If someone you love and care about is in the process of having to decide about something then advise, guide if asked or required but then step away and let that person make the decisions and choices that they think are best for them, and fully, unconditionally, support them as they do so but, again like Jill says, ‘release attachment’ from how they proceed. Be there for them whether they succeed, fail or somewhere in-between - they are probably feeling vulnerable enough about going ahead with their decision/s and maybe concerned about the outcome, but they feel it's the right thing to do for them at that time.
This also helps you to grow and develop as a person as you are learning to move aside and be there for someone else when you may not necessarily agree with what they are doing.
Remember we all make decisions and choices in life that we may be scared of, that others may or may not agree with, that we’re not so sure of the outcome and we feel unsure about but we feel it has to be done. Nobody is perfect, nobody makes perfect decisions all the time and everybody has to fail at some time or another in order to progress, to learn, to move forward.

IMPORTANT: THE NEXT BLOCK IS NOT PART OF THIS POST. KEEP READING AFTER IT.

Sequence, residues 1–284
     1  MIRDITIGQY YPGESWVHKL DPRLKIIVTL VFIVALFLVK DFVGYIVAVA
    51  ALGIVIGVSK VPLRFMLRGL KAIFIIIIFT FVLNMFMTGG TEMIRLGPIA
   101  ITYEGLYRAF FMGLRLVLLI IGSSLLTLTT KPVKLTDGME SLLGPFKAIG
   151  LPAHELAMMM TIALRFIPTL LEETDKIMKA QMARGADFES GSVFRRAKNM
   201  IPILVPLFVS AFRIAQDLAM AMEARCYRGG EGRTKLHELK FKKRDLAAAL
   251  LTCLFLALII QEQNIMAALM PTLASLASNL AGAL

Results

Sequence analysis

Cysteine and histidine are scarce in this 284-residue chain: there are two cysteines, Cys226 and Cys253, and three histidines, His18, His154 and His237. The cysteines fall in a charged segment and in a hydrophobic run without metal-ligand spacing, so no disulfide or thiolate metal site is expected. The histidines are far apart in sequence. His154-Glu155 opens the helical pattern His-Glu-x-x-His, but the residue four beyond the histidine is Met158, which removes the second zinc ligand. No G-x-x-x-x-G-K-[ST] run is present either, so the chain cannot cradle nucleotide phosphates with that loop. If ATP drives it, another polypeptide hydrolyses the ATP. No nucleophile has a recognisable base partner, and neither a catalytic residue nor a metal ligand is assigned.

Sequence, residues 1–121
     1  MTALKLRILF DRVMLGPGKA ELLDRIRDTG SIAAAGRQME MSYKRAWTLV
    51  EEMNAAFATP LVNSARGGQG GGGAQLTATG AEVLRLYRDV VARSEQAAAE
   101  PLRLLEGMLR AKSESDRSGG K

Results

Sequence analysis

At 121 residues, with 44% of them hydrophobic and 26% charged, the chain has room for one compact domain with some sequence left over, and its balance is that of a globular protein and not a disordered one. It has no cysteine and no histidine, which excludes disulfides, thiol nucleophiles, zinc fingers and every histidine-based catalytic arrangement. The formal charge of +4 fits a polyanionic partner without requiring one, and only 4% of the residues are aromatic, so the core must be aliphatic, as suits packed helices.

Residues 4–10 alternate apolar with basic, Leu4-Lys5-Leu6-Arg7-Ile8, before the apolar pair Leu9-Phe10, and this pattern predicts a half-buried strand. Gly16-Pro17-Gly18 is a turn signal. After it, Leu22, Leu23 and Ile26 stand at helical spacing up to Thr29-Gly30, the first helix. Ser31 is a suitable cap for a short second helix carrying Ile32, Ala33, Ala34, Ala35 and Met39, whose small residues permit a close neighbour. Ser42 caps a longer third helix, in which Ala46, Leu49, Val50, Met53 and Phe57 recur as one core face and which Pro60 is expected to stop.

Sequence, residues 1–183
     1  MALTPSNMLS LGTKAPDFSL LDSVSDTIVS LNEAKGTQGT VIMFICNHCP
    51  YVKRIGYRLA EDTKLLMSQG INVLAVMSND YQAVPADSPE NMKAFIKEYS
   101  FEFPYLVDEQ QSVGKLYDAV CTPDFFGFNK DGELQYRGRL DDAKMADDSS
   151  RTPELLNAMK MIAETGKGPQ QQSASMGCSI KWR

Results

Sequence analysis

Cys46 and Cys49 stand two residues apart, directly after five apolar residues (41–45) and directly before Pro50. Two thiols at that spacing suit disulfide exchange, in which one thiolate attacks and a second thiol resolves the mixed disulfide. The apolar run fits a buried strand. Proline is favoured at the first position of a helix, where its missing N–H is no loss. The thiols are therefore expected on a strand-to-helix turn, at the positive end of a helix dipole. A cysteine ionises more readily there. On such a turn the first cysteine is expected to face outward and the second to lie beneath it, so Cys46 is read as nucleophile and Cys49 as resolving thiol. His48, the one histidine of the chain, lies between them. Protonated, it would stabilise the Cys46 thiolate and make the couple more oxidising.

‘You don’t have to explain or defend your decisions to anyone. It’s your life. Live it without apologies.’ Mandy Hale
Copyright © 2016 Louise Grafton-Mitchell. All rights reserved. No part of this Blog shall be reproduced in any form or by any means, electronic or mechanical, including photocopying, recording, or by any information retrieval system without written permission of the publisher.
And this is Jill’s blog which inspired mine this week - for further information about Jill Coleman check out her website www.jillfit.com and her facebook page - https://www.facebook.com/JillFit/?fref=ts
Chatting with my bro Danny Coleman last night about "allowing people to have the full experience." I get a little heated about this topic ;)
I think back to times when I tried to give others advice or when people have tried to warn me or dissuade me from doing things: "That will never work." "Don't you think you should do this instead?" "But what will you do if it doesn't work out?"